CELP also endorsed the WOTUS comments prepared by expert water lawyer Janette Brimmer of Earthjustice, who represents CELP in other matters.

CELP thanks the RELP students and Professors Wildermuth and Rodgers for their outstanding research relating to the special concern of groundwater connectivity and protection under the Clean Water Act.


Skagit River protections threatened by Rule repeal proposal

On November 20, 2014, the Building Industry Association of Washington (BIAW), realtors and farm bureau filed a petition with the Washington Department of Ecology asking the agency to repeal the Skagit River instream flow rule.  The Center for Environmental Law & Policy (CELP) opposes the petition as it is inconsistent with recent Supreme Court decision and Washington case law.

“The rule petition is a new prong in the wholesale attack on Washington’s rivers that has been brought by developers for the past several years,” said Rachael Paschal Osborn, interim executive director of the Center for Environmental Law & Policy, “This proposal is inconsistent with state law and last year’s court decision in Swinomish Tribal Community v. State of Washington.”

The Skagit River instream flow rule has been the subject of controversy and court battles for more than a decade.  Ecology’s original rule does not allow for unmitigated new domestic wells. Skagit County sued to overturn that rule, causing Ecology to adopt an amendment that created “water reserves” in tributaries to the detriment of river flows.  One year ago, the Supreme Court held that rule to be invalid as violating state instream flow laws, causing reinstatement of the original rule.

BIAW’s petition to repeal the original rule incorrectly argues that the 2013 Supreme Court decision is inapplicable, and further ignores other court decisions of the last decade that have interpreted instream flow and domestic well laws.   Among other flaws in their arguments, the BIAW fails to recognize the physical impact of new wells on small streams, and that the state is obligated to provide water for all new development, regardless of whether water is available.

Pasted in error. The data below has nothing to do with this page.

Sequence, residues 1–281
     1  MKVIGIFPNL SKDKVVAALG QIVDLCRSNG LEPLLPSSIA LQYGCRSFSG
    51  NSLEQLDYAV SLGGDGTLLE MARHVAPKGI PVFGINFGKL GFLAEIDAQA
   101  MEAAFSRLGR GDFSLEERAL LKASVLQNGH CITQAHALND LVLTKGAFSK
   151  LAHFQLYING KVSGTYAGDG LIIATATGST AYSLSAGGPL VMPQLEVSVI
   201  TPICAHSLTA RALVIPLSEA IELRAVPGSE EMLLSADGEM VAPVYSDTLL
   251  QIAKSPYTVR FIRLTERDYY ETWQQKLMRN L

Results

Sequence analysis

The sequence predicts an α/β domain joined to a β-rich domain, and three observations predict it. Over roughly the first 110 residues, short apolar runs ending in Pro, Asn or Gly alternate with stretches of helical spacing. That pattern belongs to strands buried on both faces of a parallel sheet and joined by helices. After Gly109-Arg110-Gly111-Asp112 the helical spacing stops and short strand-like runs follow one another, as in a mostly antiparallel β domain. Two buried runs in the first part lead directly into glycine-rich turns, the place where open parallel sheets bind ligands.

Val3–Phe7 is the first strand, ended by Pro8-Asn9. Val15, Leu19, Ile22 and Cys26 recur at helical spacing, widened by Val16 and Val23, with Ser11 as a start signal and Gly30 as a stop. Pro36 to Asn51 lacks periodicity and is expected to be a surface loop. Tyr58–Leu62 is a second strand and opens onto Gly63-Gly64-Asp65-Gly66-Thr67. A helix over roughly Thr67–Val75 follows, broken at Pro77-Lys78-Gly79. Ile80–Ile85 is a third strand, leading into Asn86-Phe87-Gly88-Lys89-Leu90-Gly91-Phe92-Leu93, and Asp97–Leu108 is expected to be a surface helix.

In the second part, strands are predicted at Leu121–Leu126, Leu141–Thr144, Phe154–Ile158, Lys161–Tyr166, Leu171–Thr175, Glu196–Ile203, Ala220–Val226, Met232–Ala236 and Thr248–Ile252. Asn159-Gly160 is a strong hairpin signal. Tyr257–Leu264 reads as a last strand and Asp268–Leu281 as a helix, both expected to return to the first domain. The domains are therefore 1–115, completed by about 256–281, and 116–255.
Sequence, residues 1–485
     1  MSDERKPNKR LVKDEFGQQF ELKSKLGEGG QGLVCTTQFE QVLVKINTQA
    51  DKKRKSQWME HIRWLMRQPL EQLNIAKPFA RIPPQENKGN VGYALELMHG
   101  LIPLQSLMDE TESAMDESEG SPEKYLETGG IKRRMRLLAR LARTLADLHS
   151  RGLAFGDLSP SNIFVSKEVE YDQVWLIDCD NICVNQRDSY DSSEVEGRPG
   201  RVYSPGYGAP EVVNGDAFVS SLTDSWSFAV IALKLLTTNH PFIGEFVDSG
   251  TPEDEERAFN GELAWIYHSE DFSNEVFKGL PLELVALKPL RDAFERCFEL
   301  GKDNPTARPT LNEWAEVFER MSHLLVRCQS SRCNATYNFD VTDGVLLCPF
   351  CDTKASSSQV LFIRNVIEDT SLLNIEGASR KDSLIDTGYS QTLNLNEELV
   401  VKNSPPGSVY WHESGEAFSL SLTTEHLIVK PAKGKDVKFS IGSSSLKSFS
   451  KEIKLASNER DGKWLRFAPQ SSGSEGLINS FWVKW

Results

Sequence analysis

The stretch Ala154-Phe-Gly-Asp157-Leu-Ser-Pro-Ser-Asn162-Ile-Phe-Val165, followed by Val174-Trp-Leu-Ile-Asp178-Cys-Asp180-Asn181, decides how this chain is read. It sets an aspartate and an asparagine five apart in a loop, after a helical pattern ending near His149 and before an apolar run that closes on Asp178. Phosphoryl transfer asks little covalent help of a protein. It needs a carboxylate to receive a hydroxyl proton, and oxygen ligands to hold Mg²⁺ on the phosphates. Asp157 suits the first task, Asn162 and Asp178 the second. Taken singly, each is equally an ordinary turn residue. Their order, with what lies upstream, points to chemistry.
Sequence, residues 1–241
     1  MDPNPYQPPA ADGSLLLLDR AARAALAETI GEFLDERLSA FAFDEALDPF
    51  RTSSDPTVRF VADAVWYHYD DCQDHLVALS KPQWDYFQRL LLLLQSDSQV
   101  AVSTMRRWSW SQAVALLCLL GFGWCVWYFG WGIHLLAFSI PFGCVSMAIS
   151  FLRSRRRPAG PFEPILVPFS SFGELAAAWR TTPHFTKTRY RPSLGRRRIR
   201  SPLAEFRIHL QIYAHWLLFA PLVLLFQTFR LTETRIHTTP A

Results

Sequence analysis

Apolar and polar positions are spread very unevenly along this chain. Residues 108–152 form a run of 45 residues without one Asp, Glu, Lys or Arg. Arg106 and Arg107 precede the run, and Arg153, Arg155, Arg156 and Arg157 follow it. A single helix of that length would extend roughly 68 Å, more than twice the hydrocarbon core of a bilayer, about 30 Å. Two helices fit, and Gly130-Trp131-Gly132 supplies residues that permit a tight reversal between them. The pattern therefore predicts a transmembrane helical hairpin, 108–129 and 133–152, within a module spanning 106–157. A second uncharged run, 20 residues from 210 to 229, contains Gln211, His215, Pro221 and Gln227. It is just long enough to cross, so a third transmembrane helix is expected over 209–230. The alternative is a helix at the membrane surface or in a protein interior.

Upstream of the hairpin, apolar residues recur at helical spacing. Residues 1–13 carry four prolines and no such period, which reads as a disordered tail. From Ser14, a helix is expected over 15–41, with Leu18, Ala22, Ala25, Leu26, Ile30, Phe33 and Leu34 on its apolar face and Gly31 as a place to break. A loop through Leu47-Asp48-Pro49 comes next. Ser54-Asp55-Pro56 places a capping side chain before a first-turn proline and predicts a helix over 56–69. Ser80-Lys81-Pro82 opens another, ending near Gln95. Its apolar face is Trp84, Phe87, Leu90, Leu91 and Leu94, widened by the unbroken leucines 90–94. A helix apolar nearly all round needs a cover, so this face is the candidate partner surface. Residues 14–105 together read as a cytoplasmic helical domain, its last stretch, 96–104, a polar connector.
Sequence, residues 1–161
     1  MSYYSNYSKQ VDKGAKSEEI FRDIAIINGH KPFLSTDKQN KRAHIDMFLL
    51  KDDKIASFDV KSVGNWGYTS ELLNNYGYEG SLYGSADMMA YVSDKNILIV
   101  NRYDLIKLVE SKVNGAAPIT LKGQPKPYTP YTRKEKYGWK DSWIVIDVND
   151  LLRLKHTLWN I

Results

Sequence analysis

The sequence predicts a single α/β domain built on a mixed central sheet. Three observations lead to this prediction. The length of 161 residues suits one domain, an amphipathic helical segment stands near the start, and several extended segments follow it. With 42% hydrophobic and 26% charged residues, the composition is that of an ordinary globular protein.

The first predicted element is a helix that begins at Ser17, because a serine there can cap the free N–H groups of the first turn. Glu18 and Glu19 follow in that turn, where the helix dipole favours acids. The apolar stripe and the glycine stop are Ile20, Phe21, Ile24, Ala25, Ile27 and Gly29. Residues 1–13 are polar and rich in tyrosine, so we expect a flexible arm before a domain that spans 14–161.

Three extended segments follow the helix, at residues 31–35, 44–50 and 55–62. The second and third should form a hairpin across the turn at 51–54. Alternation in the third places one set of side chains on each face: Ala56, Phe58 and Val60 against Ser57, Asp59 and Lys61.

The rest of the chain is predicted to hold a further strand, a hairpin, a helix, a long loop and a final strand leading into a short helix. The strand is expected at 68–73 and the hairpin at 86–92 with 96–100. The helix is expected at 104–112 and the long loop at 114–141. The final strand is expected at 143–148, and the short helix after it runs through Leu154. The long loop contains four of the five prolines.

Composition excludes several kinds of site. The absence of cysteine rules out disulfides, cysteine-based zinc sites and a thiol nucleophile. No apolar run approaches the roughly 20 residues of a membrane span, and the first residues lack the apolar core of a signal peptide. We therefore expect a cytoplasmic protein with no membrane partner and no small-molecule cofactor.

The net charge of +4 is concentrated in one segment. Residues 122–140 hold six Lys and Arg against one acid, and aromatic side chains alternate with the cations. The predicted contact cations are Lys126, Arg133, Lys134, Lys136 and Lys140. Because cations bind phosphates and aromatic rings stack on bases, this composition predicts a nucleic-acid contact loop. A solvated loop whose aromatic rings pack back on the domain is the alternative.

“Water scarcity is a big problem in Skagit County and throughout Washington state due to over-allocation of water rights and now, climate change,” said Osborn.   “Developers, local governments, and state agencies all must recognize that new water allocation is harmful unless fully mitigated.”

Solutions for Washington State’s water scarcity problems are provided “Proposed Water Management Strategies to Protect Instream Flows and Provide Water for Rural Development.”

Link –

 


2014 Ralph W. Johnson Award

CELP is pleased to announce that the recipient of our 2014 Ralph W. Johnson Award is Ann Aagaard. Please join us as we present this award at our annual Celebrate Water event on June 25, 2014 at Ivar’s Salmon House in Seattle, WA. Read on to learn more about Ann’s many accomplishments, penned by her husband, Knut Aagaard. 

For over 40 years Ann Aagaard has been a faithful and wise steward of our state waters and land, and of our communities, whole-heartedly committed to good government as the means by which public stewardship is exercised.  In that good work she has been joined by very many dedicated people.

Ann Aagaard

Ann Aagaard, 2014 Recipient of the Ralph W. Johnson Water Hero Award. Photo credit Andrea Perry.